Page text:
Surviving the Streets of Bangkok: Tough Mutts and Muay Thai Mitts

Moving to Bangkok to teach English last month has been quite a rewarding career move. I am getting to learn more about culture here in Thailand, and at the same time, helping to improve the English language skills of the Thai children.

That being said, although I’m an ESL teacher now, I wasn’t an English teacher when I lived in the United States. My first career was in Veterinary Nursing, and I had been in that practice for six years before I made this career change.

As such, I am always looking for ways to help out with animals abroad, and keep-up my nursing skills as well.

Well, over the weekend, my co-worker invited me to volunteer at an animal shelter on the outskirts of Bangkok, and I happily agreed to join her on the journey. 😀

Tough Mutts

Getting there was an adventure in and of itself! This was my first experience on a motorbike, which is a legitimate mode of public transportation in Thailand. No waiver signed. No proof of insurance needed. Just hop on, and hold on for dear life! Hah. 😛

At least, he had a helmet for me to borrow. 🙂
IMG_8118When I arrived at the shelter, I was gradually greeted by over ninety sweet and scruffy faces, as they all seemed to slowly emerge out of the woodwork. 🙂IMG_8125IMG_8124IMG_8140Happy faces and wagging tails. 😀IMG_8139Some of these rescues are Thai street dogs; however, some are also abandoned and lost pets, like this gorgeous German Shepherd named Maria.IMG_8152As well, here is a lovable and happy-go-lucky Labrador named Gem, hanging with her chew toy, trying to hide from the heat.
IMG_8154While at the shelter, we were able to help with baths, ear cleanings and tick preventionIMG_8141IMG_8143These animals are also overseen by a local veterinarian for health checks, sterilization and wound repair.

The streets of Bangkok are not kind to stray dogs, with disease, starvation and dog attacks as a constant threat.

If you’re in the area, the shelter owner Tharinee Wipuchanin is always looking for volunteers.395045_10151525912504688_109795380_nShe is such a kind-hearted lady, with a true passion for helping these tough mutts, that are all still in search of their forever home. 🙂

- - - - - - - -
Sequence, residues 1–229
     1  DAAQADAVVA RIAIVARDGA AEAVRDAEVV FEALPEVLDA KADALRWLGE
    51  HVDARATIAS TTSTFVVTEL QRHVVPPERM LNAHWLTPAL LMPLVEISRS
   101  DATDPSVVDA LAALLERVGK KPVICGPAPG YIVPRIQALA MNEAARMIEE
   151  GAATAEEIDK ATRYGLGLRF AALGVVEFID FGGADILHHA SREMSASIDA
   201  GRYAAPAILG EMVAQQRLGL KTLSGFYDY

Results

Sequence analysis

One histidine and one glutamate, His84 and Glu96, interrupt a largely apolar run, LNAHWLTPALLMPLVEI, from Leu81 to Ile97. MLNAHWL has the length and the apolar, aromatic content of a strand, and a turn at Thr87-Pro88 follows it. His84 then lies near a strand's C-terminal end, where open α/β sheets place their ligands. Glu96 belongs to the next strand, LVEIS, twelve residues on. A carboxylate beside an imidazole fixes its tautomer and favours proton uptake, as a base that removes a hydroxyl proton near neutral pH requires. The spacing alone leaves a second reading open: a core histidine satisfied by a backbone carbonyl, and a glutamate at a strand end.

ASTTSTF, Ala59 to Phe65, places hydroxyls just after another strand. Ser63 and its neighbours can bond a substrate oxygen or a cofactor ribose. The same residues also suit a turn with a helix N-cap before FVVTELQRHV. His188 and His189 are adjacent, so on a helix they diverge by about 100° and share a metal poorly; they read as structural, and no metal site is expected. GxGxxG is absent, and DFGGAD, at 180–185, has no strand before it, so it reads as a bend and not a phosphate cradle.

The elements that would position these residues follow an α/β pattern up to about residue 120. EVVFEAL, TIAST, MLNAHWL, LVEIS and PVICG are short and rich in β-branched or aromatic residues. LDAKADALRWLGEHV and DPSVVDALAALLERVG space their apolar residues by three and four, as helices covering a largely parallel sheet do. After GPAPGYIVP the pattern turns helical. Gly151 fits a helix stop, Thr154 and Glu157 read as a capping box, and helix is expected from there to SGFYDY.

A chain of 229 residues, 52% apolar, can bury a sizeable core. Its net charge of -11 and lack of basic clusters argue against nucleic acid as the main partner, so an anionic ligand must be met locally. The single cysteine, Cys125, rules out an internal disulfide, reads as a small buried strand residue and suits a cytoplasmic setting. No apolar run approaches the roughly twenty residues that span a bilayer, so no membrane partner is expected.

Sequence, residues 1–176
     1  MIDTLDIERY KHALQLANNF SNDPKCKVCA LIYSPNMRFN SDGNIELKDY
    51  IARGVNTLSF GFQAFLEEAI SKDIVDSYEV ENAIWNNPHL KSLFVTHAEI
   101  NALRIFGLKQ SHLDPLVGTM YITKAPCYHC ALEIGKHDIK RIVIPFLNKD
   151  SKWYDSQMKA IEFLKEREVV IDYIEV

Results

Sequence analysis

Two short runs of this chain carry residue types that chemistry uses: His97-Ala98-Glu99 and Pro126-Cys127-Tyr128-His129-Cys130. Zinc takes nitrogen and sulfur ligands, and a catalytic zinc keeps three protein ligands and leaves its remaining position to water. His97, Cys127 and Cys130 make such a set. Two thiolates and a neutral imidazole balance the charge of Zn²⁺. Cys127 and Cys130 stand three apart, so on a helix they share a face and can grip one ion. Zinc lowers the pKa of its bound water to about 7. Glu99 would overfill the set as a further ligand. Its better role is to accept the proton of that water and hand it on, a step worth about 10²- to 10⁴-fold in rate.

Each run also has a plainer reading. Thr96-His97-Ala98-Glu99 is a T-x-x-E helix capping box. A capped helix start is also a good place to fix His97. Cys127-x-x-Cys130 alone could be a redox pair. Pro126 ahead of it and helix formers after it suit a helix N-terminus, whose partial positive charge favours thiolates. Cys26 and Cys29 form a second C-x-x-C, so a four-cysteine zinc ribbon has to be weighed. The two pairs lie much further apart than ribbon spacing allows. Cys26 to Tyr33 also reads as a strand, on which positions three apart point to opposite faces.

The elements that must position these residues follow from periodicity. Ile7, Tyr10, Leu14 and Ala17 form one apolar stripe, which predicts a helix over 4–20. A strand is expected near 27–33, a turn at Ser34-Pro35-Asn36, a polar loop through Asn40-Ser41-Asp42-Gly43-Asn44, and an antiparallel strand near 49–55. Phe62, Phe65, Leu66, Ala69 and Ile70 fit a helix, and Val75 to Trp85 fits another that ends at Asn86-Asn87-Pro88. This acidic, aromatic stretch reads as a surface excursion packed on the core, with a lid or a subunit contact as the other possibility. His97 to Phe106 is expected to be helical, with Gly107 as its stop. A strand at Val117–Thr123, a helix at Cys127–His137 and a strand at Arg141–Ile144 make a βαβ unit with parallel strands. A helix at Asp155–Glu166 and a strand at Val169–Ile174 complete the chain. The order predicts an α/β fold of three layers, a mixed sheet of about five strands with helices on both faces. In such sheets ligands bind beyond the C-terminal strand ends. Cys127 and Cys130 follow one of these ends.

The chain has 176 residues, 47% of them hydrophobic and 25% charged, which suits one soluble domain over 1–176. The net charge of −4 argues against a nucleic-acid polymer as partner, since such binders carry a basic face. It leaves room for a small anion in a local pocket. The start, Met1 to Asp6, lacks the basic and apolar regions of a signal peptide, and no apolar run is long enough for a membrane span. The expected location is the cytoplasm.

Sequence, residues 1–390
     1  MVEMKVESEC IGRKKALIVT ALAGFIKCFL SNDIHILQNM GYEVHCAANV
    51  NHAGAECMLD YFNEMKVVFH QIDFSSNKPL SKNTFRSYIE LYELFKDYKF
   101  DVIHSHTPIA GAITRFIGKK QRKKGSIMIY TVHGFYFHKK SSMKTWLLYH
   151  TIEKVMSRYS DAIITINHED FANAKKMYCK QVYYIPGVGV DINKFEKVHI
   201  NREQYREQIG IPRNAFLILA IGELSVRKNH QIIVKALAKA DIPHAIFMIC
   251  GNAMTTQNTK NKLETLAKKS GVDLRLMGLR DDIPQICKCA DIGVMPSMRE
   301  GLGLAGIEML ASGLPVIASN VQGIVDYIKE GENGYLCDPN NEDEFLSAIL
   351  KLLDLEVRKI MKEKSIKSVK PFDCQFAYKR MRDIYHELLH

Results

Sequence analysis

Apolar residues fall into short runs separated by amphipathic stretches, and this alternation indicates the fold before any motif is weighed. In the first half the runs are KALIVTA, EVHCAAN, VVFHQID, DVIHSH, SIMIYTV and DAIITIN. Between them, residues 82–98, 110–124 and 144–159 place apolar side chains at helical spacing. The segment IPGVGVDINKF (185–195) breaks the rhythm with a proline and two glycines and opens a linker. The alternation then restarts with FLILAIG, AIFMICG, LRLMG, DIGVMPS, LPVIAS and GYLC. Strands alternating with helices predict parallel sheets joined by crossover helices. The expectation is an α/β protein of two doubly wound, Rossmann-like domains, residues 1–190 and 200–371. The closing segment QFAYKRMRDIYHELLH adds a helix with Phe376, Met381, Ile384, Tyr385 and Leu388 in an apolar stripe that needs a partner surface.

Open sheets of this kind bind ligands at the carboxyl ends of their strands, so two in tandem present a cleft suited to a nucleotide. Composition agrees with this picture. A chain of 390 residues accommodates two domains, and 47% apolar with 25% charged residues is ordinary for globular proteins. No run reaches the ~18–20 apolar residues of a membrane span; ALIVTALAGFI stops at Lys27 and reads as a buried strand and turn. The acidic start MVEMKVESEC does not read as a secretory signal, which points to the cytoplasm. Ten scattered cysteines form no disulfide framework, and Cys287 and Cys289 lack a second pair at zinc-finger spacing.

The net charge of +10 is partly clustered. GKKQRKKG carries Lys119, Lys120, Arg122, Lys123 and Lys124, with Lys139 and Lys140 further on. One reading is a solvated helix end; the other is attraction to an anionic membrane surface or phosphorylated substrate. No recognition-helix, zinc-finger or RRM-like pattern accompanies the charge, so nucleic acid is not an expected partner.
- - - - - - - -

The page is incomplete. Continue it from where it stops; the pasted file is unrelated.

Feeling inspired by these tough mutts, who have survived the streets of Bangkok, I decided to develop some survival skills of my own. 😉

This week, I signed up for my first muay Thai boxing class. 😛

Muay Thai Mitts

DSC_01192I took the kickboxing class at Legend Thai Boxing, a training gym in the Silom district of Bangkok.
DSC_0098[1]Muay Thai kickboxing is a mental and physical form of martial arts. It is also known as, “the art of eight limbs,” since it combines the use of fists, elbows, knees and shins, all as weapons of war.
DSC_0122[1]As I waited for the kickboxing class to begin, I wondered what I had gotten myself into. :/

These trainers looked seriously hardcoreDSC_0095[1]After a warm-up of jogging, jump rope and air kicks, I was already dripping in sweat. That’s when we finally got our hands wrapped, gloved-up, and began to train.
DSC_0104[1]The trainers gave us one-on-one commands, alternating kicks, punches, jabs, and blocks. In the end, I got my butt kicked, but it was a fantastic workout and highly recommended for anyone, even a first-timer. 😉

Now I may have misled to believe that surviving in Bangkok is quite challenging, when in fact that couldn’t be further from the truth.

This past week, I moved into my new pad, a modern condo in the Silom-Sathorn district of Bangkok. DSC_0056Lifestyles of the rich and famous. 😛DSC_0069DSC_0064The cost of living is super affordable in Bangkok. As well, since there are so many condos available, haggling your rental price is common practice. I was able to get a stellar deal at around 450USD per month.

That being said, I did have to buy a few apartment essentials.